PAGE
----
Witches, druids, and Pagans! Oh my!
It’s June again and time for the annual St. Louis Pagan Picnic in Tower Grove Park. The picnic is presented each year by several local pagan groups. It once was held in July, but anyone who has encountered the hot weather in St. Louis during the month of July will tell you that it’s not the time to be walking around with a robe on.
The picnic features food, live music, drumming circles, bardic circles, discussion groups, and a whole lot of vendors selling their wares. The picnic gives local pagans the opportunity to get together and share their experiences once a year.
There will be an opening and closing circle, and the featured speaker this year will be Oberon Zell, founder of the Church of All Worlds and publisher of Green Egg Magazine. Oberon is a well-respected wizard and the author of many books including “The Grimoire For the Apprentice Wizard.” It’s always nice to have him come back to St. Louis as he got his start here with local Pathways owner Deborah Bourbon. (www.paganpicnic.org)
One of the main reasons I like attending the picnic is that there always seems to be some new and magical happenings there every year. Once, a few years ago, it rained for most of the day on Sunday, the last day of the picnic. Then, at the closing circle, a blind druid appeared complete with a robe and staff and after making a few gestures to the heavens, the clouds magically disappeared.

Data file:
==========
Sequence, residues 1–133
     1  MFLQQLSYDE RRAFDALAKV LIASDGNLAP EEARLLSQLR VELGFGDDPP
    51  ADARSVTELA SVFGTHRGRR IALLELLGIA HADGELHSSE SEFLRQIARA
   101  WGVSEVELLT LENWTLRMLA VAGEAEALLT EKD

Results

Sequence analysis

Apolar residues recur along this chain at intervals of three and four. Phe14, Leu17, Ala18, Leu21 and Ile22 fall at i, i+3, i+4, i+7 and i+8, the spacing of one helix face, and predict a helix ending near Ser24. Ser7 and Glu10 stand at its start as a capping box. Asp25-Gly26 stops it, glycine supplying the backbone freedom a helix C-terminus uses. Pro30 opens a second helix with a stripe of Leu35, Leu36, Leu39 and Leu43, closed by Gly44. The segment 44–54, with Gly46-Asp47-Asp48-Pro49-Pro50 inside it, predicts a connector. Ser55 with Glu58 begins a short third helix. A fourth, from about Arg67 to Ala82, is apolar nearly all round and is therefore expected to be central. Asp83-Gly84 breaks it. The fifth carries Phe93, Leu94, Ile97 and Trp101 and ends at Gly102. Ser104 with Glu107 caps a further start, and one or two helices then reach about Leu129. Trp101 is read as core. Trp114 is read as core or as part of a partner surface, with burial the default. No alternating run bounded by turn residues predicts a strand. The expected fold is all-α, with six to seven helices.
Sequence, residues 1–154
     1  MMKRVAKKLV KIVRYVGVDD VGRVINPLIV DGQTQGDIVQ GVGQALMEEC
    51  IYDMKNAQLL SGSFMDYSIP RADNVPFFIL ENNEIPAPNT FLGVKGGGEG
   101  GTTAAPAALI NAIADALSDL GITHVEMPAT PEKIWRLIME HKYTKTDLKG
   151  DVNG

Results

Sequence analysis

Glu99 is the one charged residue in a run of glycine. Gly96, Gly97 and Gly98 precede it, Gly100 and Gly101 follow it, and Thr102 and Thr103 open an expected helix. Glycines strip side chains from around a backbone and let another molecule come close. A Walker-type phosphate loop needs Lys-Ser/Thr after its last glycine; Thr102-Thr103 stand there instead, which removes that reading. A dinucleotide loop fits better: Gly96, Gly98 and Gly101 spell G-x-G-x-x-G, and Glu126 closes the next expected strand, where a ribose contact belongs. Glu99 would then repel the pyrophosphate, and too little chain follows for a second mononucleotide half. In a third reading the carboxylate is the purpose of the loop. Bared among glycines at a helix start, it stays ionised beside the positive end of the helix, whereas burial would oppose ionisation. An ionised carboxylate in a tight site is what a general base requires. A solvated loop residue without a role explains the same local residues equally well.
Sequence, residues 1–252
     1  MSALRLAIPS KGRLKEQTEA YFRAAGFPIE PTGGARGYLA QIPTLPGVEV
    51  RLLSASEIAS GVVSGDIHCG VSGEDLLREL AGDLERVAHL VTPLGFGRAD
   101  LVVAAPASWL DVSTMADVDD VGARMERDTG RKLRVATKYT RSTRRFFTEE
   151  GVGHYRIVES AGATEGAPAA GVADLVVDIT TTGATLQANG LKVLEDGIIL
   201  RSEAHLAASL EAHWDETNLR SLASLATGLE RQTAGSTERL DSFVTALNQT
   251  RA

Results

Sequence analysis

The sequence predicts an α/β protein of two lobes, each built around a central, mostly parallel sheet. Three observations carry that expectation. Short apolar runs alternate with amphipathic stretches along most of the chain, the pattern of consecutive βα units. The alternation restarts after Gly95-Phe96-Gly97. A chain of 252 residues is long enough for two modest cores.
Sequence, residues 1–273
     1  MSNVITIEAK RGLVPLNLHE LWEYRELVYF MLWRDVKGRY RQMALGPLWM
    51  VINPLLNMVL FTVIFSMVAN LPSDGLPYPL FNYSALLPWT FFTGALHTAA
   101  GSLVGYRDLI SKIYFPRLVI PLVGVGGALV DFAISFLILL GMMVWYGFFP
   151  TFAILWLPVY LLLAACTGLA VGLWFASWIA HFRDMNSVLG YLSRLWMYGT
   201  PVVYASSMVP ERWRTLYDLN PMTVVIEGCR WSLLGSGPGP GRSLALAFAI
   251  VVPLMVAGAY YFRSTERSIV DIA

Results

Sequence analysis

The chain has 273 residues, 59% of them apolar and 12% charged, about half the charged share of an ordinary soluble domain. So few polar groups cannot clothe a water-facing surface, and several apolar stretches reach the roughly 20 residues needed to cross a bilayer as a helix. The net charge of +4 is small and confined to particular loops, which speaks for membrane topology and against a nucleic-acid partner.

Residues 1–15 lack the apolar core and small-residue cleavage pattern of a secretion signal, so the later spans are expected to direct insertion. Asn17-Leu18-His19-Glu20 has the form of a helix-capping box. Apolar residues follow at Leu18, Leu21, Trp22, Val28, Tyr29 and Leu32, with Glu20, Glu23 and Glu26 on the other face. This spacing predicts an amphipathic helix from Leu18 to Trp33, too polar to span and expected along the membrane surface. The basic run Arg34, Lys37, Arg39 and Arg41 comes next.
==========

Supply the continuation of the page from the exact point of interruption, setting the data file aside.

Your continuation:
Another time I attended the picnic with my friend Paul and his ten-year-old daughter, Stormy. Stormy wandered off into the woods for a while and came back and announced: “I want you to meet my new friend!” She then took us deep into the woods to a forgotten grave and began telling us all about the guy that was buried there.
Then there was the time of the magical meeting between Christians and pagans. Every year you’ll usually see a group of very nervous Christians clutching their Bibles and walking around the picnic grounds trying to spread the word. I could just see the looks on their faces when they were asked to walk along all these “wicked and evil people.”
As they approached a man and a woman seated on a blanket, the man suddenly pulled a very large knife from underneath the blanket. The Christians stepped back in awe. Then he began carving a piece of watermelon and asked them if they’d like a slice.
If you’re a student of human behavior like I am, the pagan picnic is a great place to sit back and observe, even if you don’t believe.